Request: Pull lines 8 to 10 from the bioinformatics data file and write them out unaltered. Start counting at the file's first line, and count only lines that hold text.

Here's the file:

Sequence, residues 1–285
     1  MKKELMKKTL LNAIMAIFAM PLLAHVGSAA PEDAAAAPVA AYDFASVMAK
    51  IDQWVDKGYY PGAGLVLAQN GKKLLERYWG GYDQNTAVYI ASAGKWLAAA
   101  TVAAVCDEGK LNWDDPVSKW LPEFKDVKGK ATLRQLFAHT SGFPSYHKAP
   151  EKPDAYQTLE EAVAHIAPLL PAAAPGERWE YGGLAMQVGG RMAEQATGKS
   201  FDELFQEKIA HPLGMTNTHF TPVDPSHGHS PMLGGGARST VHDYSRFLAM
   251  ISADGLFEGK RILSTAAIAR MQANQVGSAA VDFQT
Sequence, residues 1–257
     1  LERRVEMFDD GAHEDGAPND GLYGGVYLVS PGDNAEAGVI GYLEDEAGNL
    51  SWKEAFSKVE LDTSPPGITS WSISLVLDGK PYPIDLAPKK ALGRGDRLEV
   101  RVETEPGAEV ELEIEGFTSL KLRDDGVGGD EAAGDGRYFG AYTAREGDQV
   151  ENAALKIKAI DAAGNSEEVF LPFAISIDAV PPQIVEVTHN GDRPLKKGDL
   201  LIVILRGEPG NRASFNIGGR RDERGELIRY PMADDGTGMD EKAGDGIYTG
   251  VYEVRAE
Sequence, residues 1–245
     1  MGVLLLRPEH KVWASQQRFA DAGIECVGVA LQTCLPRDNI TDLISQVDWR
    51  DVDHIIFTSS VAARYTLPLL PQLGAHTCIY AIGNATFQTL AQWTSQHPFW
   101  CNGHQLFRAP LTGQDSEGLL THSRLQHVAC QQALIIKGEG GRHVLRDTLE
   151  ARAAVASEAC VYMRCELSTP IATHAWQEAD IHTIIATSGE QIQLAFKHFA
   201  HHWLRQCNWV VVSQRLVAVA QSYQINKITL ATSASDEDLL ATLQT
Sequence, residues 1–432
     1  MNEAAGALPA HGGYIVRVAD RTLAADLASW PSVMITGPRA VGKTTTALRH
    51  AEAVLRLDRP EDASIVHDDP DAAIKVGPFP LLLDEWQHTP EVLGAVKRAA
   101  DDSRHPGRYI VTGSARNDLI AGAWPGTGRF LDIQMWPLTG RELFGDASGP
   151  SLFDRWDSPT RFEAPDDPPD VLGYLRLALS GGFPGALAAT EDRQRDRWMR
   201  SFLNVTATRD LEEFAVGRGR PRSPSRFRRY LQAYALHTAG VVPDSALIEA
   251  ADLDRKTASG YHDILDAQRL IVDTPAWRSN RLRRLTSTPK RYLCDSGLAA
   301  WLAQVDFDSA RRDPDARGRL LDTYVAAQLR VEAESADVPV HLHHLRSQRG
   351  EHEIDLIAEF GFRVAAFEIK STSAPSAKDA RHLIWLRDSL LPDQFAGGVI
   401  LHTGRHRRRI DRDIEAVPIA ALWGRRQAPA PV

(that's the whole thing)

Sequence, residues 1–257
     1  LERRVEMFDD GAHEDGAPND GLYGGVYLVS PGDNAEAGVI GYLEDEAGNL
    51  SWKEAFSKVE LDTSPPGITS WSISLVLDGK PYPIDLAPKK ALGRGDRLEV